Monthly Archives: December 2016

News For Sale

David Halberstam’s 1979 book, The Powers That Be, focuses on the evolution of four of the twentieth century’s largest and most powerful media companies and their most prominent figures, many of whom rose to inclusion in mainstream culture:

The approach taken by the era’s best publishers, editors and reporters to the craft of news gathering and production earned the respect not only of their readers, listeners and viewers, but also many of their subjects. They were an important part of the dialogue between citizens and government, between business and customers, and between educators and students.

About 50 years ago, however, a tug of war arose between the professional journalists and the companies’ investors. The result was the subordination of newsworthiness and public service to the pursuit of increased television ratings, stock prices and profit.

“It was the local [television] stations that first discovered, late in the 1960s, that news could make money—lots of money,” said communications professor David Hallin in 1990. By the end of the ’70s, news was frequently producing 60 percent of a station’s profits. With numbers like that, news was much ‘too important’ to leave to journalists, and a heavily entertainment-oriented form of programming began to evolve.”

According to Halberstam, “Greater profits did not mean, as some company altruists had hoped, greater experimentation, more money invested in higher-quality programming. On the contrary, profits brought merely the expectation of more profits, and policies designed to create them. The impulse to take risks in quality programming, to serve the national interest in public affairs, became weaker all the time…the ratings had a morality of their own, they dictated their own reality and their own truth.” [emphasis added]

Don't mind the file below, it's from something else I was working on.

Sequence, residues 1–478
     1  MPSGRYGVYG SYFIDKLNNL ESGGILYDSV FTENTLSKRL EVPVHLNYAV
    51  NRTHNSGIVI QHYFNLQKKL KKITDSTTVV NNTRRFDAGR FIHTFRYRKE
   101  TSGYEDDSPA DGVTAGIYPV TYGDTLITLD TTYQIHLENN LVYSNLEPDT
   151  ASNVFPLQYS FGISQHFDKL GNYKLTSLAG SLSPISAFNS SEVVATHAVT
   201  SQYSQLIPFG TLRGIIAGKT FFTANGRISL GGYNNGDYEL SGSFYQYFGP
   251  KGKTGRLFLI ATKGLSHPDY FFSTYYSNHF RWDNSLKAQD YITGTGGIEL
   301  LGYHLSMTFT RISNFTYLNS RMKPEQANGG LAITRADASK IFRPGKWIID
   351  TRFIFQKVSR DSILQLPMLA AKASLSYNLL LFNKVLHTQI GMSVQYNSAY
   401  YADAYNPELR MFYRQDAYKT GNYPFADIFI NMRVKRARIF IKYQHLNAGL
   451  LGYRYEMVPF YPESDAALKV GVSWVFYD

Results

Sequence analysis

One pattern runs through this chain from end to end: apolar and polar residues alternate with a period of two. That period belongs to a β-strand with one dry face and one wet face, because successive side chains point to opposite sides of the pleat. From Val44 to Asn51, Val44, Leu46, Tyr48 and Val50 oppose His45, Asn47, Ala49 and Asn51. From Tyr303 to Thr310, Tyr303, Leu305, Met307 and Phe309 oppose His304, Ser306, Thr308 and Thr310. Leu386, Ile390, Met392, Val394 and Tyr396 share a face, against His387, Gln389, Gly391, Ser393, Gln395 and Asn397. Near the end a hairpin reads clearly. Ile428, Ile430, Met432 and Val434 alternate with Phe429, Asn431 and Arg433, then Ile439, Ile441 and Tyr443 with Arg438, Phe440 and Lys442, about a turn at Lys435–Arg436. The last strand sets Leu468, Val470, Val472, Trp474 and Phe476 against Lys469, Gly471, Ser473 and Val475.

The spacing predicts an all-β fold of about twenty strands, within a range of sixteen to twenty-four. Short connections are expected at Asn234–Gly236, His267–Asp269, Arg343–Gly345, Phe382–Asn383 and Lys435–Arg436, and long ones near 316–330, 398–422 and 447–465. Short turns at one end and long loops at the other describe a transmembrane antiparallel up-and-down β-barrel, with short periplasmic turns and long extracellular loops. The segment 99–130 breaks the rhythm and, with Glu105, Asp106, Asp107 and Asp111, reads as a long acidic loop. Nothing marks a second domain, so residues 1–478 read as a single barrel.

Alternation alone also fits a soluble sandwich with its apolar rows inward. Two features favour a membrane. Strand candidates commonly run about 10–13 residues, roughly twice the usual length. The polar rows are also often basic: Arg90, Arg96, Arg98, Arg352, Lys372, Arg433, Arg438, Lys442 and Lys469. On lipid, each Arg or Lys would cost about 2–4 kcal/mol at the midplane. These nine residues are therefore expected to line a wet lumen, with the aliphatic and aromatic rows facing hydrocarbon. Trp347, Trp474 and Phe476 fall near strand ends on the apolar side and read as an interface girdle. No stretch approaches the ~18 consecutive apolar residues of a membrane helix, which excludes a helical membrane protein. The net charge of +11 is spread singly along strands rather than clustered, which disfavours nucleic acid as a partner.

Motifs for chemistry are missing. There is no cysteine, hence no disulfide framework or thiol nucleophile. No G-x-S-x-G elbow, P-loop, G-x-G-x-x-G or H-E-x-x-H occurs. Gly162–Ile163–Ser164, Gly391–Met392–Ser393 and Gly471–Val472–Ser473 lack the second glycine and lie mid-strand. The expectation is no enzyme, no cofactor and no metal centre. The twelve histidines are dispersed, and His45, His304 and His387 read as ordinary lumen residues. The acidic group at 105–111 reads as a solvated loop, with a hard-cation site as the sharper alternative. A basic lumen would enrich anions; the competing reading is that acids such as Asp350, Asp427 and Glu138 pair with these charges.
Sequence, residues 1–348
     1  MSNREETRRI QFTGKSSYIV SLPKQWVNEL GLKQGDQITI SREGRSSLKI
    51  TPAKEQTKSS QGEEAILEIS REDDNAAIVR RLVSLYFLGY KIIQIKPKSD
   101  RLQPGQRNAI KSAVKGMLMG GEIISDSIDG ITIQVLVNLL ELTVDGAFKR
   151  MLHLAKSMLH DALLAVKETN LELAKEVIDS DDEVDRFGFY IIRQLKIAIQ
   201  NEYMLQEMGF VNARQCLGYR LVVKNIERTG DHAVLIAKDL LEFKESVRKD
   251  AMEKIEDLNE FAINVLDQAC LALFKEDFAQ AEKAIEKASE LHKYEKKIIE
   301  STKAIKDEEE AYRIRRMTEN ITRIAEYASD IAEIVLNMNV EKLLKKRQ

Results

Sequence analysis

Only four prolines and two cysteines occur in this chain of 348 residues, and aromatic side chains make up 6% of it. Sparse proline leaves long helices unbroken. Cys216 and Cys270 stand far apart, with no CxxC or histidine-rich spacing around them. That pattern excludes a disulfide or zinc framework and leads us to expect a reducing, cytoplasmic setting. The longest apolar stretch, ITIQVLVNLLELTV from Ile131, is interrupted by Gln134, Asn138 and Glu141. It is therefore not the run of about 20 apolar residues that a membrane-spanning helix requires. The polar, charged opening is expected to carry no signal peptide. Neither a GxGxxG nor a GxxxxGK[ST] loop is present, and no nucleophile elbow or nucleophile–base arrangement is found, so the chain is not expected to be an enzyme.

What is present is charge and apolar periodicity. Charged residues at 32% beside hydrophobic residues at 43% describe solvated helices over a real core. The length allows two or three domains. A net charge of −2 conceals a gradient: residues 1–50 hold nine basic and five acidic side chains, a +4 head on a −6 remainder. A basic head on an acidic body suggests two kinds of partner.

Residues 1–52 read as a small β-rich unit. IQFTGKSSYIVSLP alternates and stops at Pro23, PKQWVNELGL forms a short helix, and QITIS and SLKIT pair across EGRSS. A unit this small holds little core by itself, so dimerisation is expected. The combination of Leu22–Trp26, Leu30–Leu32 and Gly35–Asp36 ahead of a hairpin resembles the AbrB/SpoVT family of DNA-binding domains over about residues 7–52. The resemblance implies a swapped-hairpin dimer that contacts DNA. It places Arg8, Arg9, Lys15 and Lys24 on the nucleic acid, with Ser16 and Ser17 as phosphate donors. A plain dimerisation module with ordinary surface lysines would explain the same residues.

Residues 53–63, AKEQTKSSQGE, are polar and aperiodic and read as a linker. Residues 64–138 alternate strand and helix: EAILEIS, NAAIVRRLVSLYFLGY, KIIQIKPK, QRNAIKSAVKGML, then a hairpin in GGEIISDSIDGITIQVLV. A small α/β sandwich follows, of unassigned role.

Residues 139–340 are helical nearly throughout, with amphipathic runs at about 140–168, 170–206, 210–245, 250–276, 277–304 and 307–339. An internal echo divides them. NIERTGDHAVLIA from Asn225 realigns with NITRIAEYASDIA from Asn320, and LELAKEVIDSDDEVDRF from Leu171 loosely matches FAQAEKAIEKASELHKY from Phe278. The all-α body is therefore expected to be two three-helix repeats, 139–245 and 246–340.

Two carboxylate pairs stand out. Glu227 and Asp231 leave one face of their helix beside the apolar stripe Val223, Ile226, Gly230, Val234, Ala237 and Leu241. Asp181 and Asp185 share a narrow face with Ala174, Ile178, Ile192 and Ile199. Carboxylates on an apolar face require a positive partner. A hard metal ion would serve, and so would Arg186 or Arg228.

By the late 1960s television had already changed the market for news enough that, according to Halberstam, when the media did attempt to address serious issues—including the Vietnam war and the Watergate scandal—”much of the audience watching the evening news show was composed of people who had never been serious newspaper readers and who were thus unprepared to deal with such charged material.” [emphasis added]

Was it inevitable that television’s immediacy and power—exacerbated now by the lowest common denominator of social media—and the submission to profit as a primary goal would push aside competence in government and business and replace it with myopic and reckless self-interest? If so, Newton Minow’s vast wasteland was just a precursor.

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A Work in Progress

pedestrian-detour_sidewalk-closed

Acknowledging a problem is the first step to solving it. Many times, however, defensiveness and insecurity lead to intentional blindness and denial instead:

  • In 1965, CBS News aired a story of war atrocities committed during a raid by US soldiers on the Vietnamese village of Cam Ne. David Halberstam wrote that many viewers “called in to scream their anger at CBS for [broadcasting the story], portraying our boys as killers.” While “the reality itself was uglier than [reporter Morley Safer] had said,” callers insisted, “American boys didn’t do things like that.”
  • When Ford introduced the 2002 Explorer SUV, rather than emphasizing the many changes that Ford had made “to reduce the risks that the Explorer will roll over or kill other motorists in crashes,” the company chose not to mention the changes. The company was dealing with the safety issue by largely ignoring it. Jose Rosa, an assistant professor of marketing at Case Western Reserve University who specializes in auto advertising, explained, “To emphasize safety is going to come across as an admission that the previous vehicle was unsafe.”
  • In a 2014 Fox News story on the release of a Senate Intelligence Committee report describing torture performed by the US, the anchor said, “The United States of America is awesome. We are awesome. But we’ve had this discussion. We’ve closed the book on it. The reason they want the discussion is not to show how awesome we are. It’s to show us how we’re not awesome. They apologized for something.”

If you don’t consider yourself, your company or your country a work in progress, the only direction to go is backwards.

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Filed under History, People, Policy, The Book I Read